Wolf agrees to deal with Dodgers
The team announced the deal, first reported by ESPN.com's Jayson Stark, in a conference call on Friday night. The contract is for one year, $5 million but includes incentives that kick in at 170 innings pitched. If Wolf pitches 200 or more innings the contract increases to $8 million.
A 32-year-old left-hander, Wolf was a combined 12-12 with a 4.30 ERA last year with San Diego and Houston, which acquired him in July for minor league pitcher Chad Reineke. The Astros offered Wolf a $27 million, three-year contract in November, then withdrew the offer a week later, citing the poor economy.
Wolf went 9-6 with a 4.73 for the Dodgers in 2007 before a shoulder problem sidelined him the second half of the season. He moves into a Los Angeles rotation that lost free agents Derek Lowe and Brad Penny.
"We're all glad to have Randy back in a Dodger uniform," general manager Ned Colletti told The Associated Press. "We have looked to address our rotation and feel that he really helps us do that. He had a solid 2008 and pitched well for us in the first half of 2007. Having grown up in Los Angeles rooting for the Dodgers, we're sure that coming home is also very special to him."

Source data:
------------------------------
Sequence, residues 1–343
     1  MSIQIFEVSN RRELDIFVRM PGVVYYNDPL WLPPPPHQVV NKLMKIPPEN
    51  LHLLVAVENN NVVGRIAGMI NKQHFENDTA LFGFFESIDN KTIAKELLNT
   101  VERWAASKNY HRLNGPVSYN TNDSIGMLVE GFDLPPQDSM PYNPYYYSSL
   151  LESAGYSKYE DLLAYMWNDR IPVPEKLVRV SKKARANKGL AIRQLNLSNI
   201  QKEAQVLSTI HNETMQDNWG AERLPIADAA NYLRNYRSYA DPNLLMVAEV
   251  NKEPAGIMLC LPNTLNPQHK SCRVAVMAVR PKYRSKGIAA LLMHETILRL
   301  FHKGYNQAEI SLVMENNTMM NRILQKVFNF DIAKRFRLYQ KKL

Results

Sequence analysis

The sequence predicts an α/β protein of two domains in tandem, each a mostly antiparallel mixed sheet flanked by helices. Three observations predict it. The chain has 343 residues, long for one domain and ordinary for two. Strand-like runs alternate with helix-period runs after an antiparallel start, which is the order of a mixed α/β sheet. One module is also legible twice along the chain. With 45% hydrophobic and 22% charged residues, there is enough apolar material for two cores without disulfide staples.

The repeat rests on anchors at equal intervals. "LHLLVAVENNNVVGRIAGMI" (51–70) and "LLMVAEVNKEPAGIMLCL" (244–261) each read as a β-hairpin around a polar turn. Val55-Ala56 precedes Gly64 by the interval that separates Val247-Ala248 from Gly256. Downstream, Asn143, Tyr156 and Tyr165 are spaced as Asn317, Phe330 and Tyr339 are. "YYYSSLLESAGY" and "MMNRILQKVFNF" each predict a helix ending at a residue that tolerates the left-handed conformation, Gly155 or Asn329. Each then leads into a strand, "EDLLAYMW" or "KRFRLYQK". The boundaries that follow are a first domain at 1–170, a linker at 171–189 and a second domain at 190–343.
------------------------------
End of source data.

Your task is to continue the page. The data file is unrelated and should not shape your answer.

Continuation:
Houston offered Wolf a $27 million, three-year contract in November, then withdrew the proposal a week later, citing the poor economy.
Colletti said the Dodgers considered Wolf's health and "took a long look at his season last year. He made a lot of starts (33) and pitched a lot of innings (190 1/3)."
The Dodgers still apparently are in a wait-and-see stance toward Manny Ramirez, the slugger who gave them a big boost last year when he arrived for the final two months of the season. They recently made him a one-year, $25 million offer, but he quickly turned it down.
Asked if the Dodgers might give up on Ramirez and move on, Colletti said, "At some point in time. I'm not sure when that point comes. We haven't been sitting and waiting for one player to sign. We've been active and continued to put the club together.
"We'll continue discussions and see where it leads."
A native of nearby Canoga Park and a resident of West Hills, Wolf has a 90-78 record and 4.26 ERA over 10 seasons, spending 1999-2006 with Philadelphia. He was an NL All-Star in 2003, when he was 16-10.
Senior writer Jayson Stark covers baseball for ESPN.com. The Associated Press contributed to this report.